Unfortunately these naïve speculators are finding out that markets go both ways, often quickly and violently.
These words are only meant as a warning sign to the unwary.
The future is indeed bright for the blockchain and blockchain applications. However, the market must mature and unfortunately regulation will become commonplace.
Whether this regulation can actually protect marketplace participants is an open question. To give an example, I interviewed a principal in an offering called Bitcar. Their goal is to tokenize exotic car investing.
Over the past several decades, this asset class has been a stellar performer.
One example, a 2005 McLaren worth $1.5-M at that time, fetched $15.3-M this year at public auction. Their initial coin offering or ICO isn’t being sold to US investors. Maybe it was just too hard to comply with US securities laws.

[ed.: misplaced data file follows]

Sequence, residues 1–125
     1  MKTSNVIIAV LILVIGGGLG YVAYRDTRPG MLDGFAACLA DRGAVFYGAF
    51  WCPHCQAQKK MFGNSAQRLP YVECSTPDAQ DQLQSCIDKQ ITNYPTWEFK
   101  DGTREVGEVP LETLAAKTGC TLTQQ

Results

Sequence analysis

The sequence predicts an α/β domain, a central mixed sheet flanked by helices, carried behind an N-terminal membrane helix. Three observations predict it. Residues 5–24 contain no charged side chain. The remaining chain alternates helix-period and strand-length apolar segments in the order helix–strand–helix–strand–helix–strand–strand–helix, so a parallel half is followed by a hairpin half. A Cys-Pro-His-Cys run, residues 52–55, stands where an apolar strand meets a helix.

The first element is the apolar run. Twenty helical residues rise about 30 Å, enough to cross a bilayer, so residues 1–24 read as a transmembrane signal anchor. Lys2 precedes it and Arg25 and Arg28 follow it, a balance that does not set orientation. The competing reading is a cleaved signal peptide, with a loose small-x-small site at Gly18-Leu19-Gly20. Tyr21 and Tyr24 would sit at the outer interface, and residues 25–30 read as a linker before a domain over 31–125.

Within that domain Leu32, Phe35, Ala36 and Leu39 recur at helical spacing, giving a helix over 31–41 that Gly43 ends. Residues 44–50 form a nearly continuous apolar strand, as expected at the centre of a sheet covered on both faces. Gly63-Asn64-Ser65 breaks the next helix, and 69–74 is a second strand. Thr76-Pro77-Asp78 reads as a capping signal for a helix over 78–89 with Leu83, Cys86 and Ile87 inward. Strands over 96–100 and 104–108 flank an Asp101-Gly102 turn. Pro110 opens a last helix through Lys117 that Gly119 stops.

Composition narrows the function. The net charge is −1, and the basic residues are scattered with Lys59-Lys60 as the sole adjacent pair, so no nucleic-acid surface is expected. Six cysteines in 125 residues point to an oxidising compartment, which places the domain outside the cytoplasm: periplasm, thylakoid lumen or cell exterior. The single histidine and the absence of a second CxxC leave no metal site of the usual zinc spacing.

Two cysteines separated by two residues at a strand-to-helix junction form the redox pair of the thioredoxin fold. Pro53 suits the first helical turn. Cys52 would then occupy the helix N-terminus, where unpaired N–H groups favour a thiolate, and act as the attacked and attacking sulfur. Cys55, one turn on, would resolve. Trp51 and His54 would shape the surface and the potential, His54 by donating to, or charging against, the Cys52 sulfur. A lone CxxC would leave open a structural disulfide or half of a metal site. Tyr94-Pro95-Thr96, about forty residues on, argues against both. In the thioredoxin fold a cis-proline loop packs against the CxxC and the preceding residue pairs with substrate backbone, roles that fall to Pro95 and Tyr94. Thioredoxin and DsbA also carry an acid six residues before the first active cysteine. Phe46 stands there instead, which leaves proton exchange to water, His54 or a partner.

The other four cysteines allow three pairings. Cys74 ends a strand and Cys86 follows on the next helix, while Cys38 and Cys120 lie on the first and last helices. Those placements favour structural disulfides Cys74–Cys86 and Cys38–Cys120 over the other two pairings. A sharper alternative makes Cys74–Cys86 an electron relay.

However, once the token is in distribution, investors from all over the world will be free to purchase it on the secondary market. This is a clear end run around countries with strict regulatory systems that hinder or hamper both legitimate and sketchy promoters.
The world is ill prepared to manage the implications and risks these markets present. Governments are either unwilling or unable to effectively regulate these markets. And many countries are loath to interfere in what is shaping up to be the next gold rush.
Scams are commonplace and there’s very little being done about it. This is perhaps the greatest challenge over the long run.
By Kerry Lutz
Paul Ebeling, Editor
Editor’s Note: Kerry Lutz has been a student of Austrian Economics since 1977. While attending Pace University, he stumbled upon an extensive cache of Austrian Economic Literature in a dark, musty, abandoned section of the school’s library. After graduating from The New York Law School, he became an attorney and life long serial entrepreneur. His diverse career has included: running a legal printing company, practicing commercial law and litigation and founding a successful distressed asset investment company.